Ever wondered where this expression came from? Well, when we visited this beautiful city, 73km south of Madrid, we found the answer. As the seat of the Catholic Primate of Spain, Toledo held over 30 synods or councils from the 4th century to the 16th century, during which were laid down the foundations of Spanish ecclesiastical law. During the long lasting historical struggles for religious control of Spain, the city of Toledo had large communities of Muslims and Jews (until they were expelled throughout Spain in 1492 and 1502 respectively), allowing the construction of Cathedrals, churches, mosques and synagogues and for a period, allowing freedom of religious practice. Even after the re-conquest by the Catholic Kings, those buildings were maintained in good condition. Its cultural, monumental and religious contribution to heritage led to Toledo being declared a UNESCO World Heritage Site in 1986.
The Cathedral of Santa María de Toledo was begun in 1226 and largely completed by 1493, showcasing the best of the Gothic style of architecture. As with other cathedrals in Spain that were built over the place of former mosques, it has some Mudéjar elements still visible in the cloister. The bell tower was built to cover the minaret and the five naves occupy the space of the former prayer hall.
Other mosques in Toledo were very little altered when they were converted into Catholic churches, such as the Mosque of Christo de la Luz, which displays the typical arch work like that of the Mezquita in Córdoba.
There are also a couple of synagogues dating back to the 14th century which have been preserved. The unusually large El Tránsito Synagogue is the most important example of Spanish-Jewish art in existence. It was decorated with Mudéjar elements, beautiful geometric and floral motifs, and inscriptions in Arabic and Hebrew. It is now a Sephardic museum.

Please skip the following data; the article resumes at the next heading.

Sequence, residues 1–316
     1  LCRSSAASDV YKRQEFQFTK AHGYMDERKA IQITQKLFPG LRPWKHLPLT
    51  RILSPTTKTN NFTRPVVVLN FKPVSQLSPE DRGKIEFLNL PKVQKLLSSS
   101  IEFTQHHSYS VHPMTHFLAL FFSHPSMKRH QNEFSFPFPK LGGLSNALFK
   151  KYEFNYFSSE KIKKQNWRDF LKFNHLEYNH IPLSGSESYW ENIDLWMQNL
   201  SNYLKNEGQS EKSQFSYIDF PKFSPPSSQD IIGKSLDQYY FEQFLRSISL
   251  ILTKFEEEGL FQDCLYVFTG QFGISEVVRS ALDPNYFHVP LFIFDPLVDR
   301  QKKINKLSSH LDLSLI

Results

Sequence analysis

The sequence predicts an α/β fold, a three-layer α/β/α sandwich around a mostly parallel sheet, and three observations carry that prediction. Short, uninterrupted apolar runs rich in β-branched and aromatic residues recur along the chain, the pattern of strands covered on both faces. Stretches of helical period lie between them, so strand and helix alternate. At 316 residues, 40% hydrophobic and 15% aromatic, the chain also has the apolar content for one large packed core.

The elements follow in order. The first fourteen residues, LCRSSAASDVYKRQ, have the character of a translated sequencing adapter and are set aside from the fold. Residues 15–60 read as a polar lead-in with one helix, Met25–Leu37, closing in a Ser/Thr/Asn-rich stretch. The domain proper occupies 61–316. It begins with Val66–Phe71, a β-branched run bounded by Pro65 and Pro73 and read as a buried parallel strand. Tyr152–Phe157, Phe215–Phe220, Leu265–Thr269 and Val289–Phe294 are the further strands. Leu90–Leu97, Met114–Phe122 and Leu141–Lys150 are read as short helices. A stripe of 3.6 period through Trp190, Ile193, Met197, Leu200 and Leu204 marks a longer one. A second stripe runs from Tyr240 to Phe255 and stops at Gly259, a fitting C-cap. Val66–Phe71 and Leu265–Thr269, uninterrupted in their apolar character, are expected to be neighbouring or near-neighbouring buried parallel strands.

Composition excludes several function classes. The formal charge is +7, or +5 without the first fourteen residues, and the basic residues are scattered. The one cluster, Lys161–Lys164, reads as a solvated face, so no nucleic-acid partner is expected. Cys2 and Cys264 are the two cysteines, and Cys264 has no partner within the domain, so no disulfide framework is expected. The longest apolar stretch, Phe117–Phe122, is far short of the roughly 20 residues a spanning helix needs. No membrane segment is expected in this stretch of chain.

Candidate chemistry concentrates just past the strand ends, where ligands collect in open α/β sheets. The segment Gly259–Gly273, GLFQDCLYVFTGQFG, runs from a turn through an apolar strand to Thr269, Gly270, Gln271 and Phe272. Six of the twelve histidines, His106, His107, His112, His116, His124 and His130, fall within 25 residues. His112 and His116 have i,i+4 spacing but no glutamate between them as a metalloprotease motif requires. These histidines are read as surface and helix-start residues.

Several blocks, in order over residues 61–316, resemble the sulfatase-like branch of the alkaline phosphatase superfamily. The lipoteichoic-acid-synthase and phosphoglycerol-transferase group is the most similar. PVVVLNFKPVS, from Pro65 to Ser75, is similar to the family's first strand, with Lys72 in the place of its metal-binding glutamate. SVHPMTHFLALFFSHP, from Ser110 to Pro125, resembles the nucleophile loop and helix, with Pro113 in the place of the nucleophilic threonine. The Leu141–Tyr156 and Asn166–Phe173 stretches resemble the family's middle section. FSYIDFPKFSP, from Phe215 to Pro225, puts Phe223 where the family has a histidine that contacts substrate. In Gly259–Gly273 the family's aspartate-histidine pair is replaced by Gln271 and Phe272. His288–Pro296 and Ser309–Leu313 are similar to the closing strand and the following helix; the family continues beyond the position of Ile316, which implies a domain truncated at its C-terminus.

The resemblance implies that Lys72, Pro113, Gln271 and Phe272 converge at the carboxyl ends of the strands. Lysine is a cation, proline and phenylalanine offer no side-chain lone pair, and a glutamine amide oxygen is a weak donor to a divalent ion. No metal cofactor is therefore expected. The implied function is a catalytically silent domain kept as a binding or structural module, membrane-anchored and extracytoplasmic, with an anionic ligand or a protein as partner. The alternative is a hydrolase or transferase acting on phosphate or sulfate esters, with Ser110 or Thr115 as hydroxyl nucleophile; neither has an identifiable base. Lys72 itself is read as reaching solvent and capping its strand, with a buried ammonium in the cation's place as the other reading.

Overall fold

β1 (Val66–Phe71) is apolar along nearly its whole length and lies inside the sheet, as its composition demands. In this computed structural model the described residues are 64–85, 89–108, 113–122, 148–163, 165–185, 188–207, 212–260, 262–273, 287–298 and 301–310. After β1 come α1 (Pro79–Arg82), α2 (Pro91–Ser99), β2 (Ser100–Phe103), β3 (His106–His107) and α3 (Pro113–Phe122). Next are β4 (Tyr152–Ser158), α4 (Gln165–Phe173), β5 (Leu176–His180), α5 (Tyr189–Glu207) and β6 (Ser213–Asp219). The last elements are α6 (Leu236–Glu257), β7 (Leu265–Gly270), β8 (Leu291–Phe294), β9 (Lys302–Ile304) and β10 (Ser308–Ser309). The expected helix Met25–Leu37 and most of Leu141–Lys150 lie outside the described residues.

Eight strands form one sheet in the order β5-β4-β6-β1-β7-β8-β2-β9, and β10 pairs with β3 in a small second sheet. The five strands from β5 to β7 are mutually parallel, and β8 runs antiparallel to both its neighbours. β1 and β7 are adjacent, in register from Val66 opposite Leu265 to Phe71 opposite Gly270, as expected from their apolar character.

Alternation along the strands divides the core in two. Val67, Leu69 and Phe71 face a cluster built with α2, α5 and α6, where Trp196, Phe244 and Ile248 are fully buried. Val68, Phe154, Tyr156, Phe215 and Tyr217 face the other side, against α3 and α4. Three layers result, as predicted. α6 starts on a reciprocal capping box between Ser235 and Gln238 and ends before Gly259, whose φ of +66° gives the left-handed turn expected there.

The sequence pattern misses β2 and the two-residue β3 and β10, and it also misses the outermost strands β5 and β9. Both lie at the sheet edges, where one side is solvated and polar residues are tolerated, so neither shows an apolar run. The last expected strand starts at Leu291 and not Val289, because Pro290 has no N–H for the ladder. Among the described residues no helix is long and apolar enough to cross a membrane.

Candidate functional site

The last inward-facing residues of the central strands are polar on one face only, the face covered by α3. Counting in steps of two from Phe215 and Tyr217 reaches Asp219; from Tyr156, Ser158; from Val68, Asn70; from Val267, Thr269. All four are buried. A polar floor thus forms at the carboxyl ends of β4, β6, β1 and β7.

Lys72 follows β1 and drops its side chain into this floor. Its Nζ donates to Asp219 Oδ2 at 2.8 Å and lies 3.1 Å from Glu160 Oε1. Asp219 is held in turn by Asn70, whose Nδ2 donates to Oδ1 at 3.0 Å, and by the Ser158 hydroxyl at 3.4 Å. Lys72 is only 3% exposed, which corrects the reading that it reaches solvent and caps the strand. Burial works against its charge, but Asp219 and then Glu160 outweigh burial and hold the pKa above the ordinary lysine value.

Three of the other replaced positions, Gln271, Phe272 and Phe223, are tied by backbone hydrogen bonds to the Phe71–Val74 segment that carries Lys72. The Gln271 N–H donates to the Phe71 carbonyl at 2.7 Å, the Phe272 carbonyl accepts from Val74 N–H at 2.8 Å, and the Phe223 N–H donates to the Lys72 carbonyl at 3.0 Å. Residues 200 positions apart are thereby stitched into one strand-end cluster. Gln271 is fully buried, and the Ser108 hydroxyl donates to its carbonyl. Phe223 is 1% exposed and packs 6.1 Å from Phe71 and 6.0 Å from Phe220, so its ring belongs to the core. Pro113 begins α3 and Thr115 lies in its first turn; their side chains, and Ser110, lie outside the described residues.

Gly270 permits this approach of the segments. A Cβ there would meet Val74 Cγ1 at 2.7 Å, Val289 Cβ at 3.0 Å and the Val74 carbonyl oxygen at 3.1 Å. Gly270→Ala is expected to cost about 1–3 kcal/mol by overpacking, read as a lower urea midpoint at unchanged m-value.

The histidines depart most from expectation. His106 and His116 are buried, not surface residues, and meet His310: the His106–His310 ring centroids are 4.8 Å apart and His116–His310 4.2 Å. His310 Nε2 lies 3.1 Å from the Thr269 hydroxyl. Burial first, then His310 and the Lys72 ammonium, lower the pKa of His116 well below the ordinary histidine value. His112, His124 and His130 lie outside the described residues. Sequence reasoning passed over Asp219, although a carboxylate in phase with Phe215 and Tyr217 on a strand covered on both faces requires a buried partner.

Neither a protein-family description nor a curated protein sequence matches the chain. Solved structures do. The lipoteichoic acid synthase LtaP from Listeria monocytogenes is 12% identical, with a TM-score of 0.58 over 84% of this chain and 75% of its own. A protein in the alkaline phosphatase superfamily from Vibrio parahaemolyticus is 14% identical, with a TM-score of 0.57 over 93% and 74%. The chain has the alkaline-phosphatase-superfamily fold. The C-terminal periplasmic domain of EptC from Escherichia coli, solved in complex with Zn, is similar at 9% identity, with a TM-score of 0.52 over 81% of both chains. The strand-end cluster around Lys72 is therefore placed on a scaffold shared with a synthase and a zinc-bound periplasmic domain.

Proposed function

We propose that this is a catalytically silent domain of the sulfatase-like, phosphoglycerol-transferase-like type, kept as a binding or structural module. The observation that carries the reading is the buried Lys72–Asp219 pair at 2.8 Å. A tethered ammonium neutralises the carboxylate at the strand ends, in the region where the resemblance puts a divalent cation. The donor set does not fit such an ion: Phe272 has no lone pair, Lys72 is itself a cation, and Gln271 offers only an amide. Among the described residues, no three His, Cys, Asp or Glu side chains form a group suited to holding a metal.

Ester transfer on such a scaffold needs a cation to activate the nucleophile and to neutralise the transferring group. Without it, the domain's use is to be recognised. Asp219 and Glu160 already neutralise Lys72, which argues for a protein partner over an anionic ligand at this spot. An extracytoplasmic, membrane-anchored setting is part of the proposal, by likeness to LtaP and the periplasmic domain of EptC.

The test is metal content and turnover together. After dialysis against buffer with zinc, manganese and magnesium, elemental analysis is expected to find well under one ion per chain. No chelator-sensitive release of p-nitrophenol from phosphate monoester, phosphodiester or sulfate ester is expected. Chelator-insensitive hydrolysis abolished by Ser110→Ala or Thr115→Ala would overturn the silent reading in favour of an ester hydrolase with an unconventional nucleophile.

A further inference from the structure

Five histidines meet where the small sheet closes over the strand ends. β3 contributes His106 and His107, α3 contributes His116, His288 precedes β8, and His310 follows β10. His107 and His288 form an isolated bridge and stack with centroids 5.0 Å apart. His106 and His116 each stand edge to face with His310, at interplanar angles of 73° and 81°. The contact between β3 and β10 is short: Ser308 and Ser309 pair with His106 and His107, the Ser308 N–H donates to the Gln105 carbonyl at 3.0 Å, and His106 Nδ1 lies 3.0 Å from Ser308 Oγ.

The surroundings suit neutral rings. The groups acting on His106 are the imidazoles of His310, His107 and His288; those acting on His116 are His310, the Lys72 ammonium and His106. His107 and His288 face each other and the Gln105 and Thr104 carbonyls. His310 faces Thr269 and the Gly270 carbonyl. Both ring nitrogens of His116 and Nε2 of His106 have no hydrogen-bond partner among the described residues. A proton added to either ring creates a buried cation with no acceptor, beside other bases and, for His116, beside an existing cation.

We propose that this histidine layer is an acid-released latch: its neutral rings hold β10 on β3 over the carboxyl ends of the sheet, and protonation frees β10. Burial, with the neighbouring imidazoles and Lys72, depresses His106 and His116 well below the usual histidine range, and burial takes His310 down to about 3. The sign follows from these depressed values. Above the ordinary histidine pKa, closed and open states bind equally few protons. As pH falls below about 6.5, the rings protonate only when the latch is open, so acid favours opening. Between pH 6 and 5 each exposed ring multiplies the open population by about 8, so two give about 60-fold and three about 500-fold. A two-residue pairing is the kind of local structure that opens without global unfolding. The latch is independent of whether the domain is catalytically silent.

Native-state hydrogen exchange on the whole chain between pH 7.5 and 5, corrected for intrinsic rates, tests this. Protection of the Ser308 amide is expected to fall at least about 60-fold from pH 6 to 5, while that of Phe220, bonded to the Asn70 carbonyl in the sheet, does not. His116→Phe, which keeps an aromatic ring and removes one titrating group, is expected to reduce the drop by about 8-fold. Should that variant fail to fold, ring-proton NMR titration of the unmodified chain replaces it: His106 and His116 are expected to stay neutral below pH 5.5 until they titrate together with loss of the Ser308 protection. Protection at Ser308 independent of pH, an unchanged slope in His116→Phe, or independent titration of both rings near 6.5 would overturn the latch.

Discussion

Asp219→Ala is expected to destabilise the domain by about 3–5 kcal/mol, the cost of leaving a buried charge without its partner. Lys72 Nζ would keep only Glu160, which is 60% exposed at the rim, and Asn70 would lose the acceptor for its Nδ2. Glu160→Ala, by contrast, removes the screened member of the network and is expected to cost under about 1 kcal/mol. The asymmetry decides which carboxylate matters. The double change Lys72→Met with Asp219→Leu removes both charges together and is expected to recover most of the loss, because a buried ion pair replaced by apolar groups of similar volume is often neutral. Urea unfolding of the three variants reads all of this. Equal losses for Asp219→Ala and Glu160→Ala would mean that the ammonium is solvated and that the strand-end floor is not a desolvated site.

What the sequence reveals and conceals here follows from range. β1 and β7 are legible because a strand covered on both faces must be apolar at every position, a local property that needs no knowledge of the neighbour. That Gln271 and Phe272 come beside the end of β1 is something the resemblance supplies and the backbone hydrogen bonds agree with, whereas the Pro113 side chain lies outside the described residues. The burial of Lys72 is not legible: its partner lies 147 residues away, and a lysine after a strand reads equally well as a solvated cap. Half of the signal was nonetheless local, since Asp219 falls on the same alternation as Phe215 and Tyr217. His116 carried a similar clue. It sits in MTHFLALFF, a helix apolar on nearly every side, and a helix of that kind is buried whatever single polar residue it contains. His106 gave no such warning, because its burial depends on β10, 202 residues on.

Another museum started life in Roman times as a palace and then underwent several restorations as a fortress or Alcázar, laid out in a square with towers at each corner. After the Spanish Civil War, where it played a famous role, it was again restored. Its style is mainly Renaissance and it now houses the regional library of Castilla-La Mancha as well as the Army Museum.
The city of Toledo occupies a rocky hilltop, traversed by narrow, winding streets, with steep gradients and rough surfaces, making driving within its walls it almost impossible and walking very tiring. At its centre is the Plaza del Zocodover. This is the main square, close to the Alcázar and the Cathedral, so a good place to rest and take a snack. It was created on the site of an old cattle market and has been the place for fiestas, bullfights and even executions over the centuries.
Walking around the various shops and looking for suitable souvenirs, we noticed quite an unusual specialty – swords, knives and medieval armory. As this type of souvenir might be difficult to transport home, we settled for more a demure local craft – embroidery.
The city also displays a love of Miguel de Cervantes and his hero Don Quixote. Statues of either can be found in various places. Toledo is the capital of the Castilla-La Mancha region, so we were keen to see the famous landscape of La Mancha depicted in Cervantes’ novel. As we were also keen to call in to some wineries to the east of Toledo, we decided to drive via Consuegra as we made our way towards the coast. Along a high ridge above the town stand 12 windmills, built in the 16th century to grind wheat into flour, and a Medieval castle. From this viewpoint the landscape of La Mancha spreads out as an arid yet fertile plateau.
A long drive to the coast and Alicante now lay before us. Tomorrow would be the feast of San Juan and we were looking forward to the spectacular festivities and bonfires.
- Toledo city guide: what to see plus the best restaurants, tapas bars and hotels (theguardian.com)
- Postcard of the Week: Toledo (thewell-travelledpostcard.com)
- Toledo, Spain – Travel Notebook and Stock Image Gallery (pirancafe.com)